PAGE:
Tweeted emergency reports to LFB would be arguably less hoax-prone than 999 phone calls
The London Fire Brigade has revealed it could allow people in the UK to tweet emergencies instead of dialling 999. Some might be concerned that this could lead to an increase in hoax fire reports being made, however arguably more indicative signals about a person can be drawn from their Twitter presence, than can be gauged on the phone.
There are many rapid checks that can be made to verify whether a tweeter is likely to be legitimate – including checking out their recent tweets, their follower to following ratio, and stated location. Another good signal of whether a fire report is genuine, is whether they are having Twitter conversations about the fire with other, similarly legitimate looking tweeters, especially in the local area. This certainly worked for me this year on two separate occasions when I looked to Twitter for information / confirmation: during the riots, and during a local power cut.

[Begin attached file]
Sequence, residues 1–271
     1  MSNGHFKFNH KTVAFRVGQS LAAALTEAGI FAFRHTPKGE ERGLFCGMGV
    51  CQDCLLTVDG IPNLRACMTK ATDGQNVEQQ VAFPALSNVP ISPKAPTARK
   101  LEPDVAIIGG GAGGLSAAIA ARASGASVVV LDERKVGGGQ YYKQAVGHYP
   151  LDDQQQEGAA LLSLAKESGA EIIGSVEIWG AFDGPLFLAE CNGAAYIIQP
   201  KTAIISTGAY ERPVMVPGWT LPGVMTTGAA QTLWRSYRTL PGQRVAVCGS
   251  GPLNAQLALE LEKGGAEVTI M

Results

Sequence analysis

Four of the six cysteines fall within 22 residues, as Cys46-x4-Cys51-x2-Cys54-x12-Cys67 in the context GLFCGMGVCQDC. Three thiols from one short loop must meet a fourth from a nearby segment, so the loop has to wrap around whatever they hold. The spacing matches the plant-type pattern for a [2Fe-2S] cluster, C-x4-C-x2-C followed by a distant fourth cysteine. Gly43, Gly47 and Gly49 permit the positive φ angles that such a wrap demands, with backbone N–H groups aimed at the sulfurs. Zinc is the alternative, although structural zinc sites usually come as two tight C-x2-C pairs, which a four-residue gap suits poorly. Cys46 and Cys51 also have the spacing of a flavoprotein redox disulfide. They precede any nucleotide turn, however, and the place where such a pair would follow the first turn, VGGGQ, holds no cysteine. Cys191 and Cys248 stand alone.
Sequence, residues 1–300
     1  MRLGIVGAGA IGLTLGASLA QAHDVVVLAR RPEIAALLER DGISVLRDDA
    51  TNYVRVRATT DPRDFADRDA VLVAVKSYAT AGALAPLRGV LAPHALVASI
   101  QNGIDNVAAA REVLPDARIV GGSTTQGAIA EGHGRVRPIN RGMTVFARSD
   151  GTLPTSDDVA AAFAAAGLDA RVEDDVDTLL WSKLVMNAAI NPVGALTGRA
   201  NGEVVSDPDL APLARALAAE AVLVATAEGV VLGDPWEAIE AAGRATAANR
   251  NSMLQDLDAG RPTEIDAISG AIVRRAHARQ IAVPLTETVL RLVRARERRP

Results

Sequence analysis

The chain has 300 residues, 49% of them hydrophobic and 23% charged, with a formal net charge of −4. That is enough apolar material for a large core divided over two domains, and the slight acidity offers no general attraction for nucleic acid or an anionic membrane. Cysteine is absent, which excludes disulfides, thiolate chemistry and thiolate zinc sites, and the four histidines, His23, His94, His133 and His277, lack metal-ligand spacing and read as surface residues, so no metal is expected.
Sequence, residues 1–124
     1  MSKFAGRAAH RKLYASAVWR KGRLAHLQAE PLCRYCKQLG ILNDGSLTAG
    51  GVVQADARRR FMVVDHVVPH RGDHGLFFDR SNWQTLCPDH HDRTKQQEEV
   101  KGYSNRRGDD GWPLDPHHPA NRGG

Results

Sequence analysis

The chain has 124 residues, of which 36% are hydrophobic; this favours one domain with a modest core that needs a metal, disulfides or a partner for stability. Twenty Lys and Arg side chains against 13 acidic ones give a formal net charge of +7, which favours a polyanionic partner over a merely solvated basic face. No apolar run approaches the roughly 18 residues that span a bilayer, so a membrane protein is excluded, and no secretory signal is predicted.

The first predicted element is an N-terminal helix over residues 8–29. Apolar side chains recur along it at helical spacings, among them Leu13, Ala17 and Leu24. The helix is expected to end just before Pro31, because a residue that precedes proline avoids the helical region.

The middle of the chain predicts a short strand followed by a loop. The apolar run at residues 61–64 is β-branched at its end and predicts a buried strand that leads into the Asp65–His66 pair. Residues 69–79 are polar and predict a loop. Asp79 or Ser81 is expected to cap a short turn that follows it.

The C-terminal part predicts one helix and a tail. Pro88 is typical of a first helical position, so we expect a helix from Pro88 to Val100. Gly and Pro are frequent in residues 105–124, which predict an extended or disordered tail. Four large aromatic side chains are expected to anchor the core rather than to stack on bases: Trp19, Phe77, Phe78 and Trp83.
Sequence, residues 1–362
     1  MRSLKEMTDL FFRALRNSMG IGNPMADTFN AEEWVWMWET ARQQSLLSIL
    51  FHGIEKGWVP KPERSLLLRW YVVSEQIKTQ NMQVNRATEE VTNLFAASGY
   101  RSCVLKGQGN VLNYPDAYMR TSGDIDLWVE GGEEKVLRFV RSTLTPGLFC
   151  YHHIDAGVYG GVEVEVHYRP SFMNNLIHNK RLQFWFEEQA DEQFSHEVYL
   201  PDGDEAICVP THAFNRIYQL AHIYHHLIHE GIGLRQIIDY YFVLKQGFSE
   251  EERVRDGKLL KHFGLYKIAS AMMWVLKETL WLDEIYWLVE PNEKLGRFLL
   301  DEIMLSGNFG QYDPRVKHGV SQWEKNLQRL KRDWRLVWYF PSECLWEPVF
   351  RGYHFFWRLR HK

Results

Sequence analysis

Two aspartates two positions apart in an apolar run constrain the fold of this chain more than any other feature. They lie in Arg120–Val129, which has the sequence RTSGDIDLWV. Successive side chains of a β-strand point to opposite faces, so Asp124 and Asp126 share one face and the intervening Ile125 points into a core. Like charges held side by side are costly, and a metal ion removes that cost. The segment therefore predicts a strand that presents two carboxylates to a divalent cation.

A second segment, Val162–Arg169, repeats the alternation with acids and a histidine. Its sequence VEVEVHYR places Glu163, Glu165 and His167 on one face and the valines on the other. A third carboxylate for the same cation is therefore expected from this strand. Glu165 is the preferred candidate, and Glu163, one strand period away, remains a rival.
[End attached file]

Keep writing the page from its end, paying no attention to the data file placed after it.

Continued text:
London Fire Brigade has used Twitter for information on fires in the past. At the beginning of the year LFB was faced with a lack of information when a police helicopter was unavailable to reach a large fire in west London. It asked its Twitter followers to take pictures and describe the scene. This allowed for a more detailed assessment of the situation and the subsequent dispatch of around 75 fire fighters. London Fire Brigade states without Twitter it would have taken longer to control the fire.
Fire image by Colin Kinnear